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Matter of Jackson

New Jersey Superior Court, Appellate Division

October 11, 1996


On appeal from the Merit System Board.

Approved for Publication October 11, 1996. As Corrected November 28, 1996.

Before Judges Landau, Wallace and Kimmelman. The opinion of the court was delivered by Landau, J.A.D.

The opinion of the court was delivered by: Landau

The opinion of the court was delivered by


Henry Jackson was employed since 1981 as a firefighter by the City of Plainfield. In 1990, he was suspended after police discovered him in the home of a drug dealer while they were executing a search warrant. Johnson admitted to smoking marijuana with the dealer, and to having purchased and used cocaine. He tested positive for cocaine even after a Preliminary Notice of Disciplinary Action had been served upon him.

Following his completion of a one month rehabilitation program, Jackson's physician said he was able to return to work. Plainfield's physician concurred. A departmental hearing was held, and Jackson was allowed to return to work subject to compliance with certain conditions. He signed a "Letter of Agreement" acknowledging that his employment was "contingent upon my abstaining from illegal drugs or abuse of any chemical substance both on and off duty". Jackson further agreed to submit to drug testing at any time and that if he were found to be using drugs, he would "forfeit my position and all benefits relating thereto". The conditions of reinstatement were consistent with the fire department's substance-abuse policy contained in Article XVII of the collective bargaining agreement with Jackson's union.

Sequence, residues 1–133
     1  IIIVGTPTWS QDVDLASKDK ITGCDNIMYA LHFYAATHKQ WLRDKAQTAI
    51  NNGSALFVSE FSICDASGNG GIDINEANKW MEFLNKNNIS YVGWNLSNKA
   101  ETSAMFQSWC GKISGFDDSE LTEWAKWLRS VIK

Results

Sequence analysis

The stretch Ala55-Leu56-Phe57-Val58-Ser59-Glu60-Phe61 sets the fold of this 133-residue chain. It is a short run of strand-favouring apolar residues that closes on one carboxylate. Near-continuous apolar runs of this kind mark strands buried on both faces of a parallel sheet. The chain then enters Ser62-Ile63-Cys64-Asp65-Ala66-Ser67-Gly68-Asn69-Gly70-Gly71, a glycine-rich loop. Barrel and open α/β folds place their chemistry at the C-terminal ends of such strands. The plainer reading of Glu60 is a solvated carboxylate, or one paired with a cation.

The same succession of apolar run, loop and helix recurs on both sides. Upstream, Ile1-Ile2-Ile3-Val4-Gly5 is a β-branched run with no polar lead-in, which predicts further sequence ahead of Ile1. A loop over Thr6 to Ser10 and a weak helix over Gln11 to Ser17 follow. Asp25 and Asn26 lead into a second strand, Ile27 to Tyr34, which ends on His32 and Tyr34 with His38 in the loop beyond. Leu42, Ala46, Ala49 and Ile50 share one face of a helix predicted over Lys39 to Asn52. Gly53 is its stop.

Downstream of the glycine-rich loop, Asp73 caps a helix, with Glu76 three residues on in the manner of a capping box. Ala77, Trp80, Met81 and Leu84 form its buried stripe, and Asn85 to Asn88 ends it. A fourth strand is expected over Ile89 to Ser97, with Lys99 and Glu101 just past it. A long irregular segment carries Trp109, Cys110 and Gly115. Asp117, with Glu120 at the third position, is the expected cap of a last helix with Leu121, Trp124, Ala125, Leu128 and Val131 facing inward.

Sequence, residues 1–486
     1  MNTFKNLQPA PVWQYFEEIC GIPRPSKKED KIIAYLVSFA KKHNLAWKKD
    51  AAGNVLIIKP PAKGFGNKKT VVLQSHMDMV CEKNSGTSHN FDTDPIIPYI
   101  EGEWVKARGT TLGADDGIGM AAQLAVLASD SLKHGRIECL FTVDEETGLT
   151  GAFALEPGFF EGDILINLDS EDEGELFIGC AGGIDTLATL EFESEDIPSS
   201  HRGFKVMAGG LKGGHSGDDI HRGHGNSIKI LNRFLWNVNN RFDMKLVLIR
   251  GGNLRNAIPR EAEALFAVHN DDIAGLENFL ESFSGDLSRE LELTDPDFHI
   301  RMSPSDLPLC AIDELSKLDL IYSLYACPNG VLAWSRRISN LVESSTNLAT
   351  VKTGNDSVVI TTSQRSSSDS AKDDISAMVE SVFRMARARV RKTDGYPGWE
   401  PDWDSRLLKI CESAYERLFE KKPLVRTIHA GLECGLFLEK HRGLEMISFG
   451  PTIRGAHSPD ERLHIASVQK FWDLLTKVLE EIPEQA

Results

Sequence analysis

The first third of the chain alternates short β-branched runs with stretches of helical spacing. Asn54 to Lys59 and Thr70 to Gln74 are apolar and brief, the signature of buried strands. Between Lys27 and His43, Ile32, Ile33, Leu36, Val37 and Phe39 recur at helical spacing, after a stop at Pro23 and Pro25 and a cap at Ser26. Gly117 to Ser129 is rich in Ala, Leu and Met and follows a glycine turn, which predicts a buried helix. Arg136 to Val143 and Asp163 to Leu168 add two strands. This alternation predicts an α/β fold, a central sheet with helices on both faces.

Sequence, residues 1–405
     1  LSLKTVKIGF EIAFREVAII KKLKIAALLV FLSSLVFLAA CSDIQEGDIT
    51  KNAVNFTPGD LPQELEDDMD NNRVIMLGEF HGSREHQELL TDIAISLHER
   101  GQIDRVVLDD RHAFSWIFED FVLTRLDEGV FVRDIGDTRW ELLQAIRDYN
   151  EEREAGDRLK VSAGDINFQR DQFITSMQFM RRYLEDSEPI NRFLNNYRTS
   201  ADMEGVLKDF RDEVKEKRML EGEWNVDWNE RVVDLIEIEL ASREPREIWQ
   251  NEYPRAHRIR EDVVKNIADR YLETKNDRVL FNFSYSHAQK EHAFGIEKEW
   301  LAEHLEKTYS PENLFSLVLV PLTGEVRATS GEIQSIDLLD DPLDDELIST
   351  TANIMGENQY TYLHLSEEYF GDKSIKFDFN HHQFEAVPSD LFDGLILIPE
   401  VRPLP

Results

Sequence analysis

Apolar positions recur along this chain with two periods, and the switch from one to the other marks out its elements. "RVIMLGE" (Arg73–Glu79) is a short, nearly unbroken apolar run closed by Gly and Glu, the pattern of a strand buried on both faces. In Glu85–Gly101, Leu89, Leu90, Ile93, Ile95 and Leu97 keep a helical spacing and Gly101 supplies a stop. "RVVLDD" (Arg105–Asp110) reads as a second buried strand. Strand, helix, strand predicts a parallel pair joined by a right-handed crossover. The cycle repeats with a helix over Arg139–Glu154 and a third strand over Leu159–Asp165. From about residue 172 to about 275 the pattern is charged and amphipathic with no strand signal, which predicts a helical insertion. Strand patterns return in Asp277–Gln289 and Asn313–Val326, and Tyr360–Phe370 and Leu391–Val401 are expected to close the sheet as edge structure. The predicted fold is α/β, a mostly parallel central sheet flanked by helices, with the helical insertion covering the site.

On August 23, 1993, Jackson tested positive for cocaine in a random drug test and was again suspended pursuant to a Preliminary Notice of Disciplinary Action. He entered a second drug rehabilitation program between October 1 and October 15, 1993, and was released with a physician's letter which opined that his prognosis for recovery was excellent.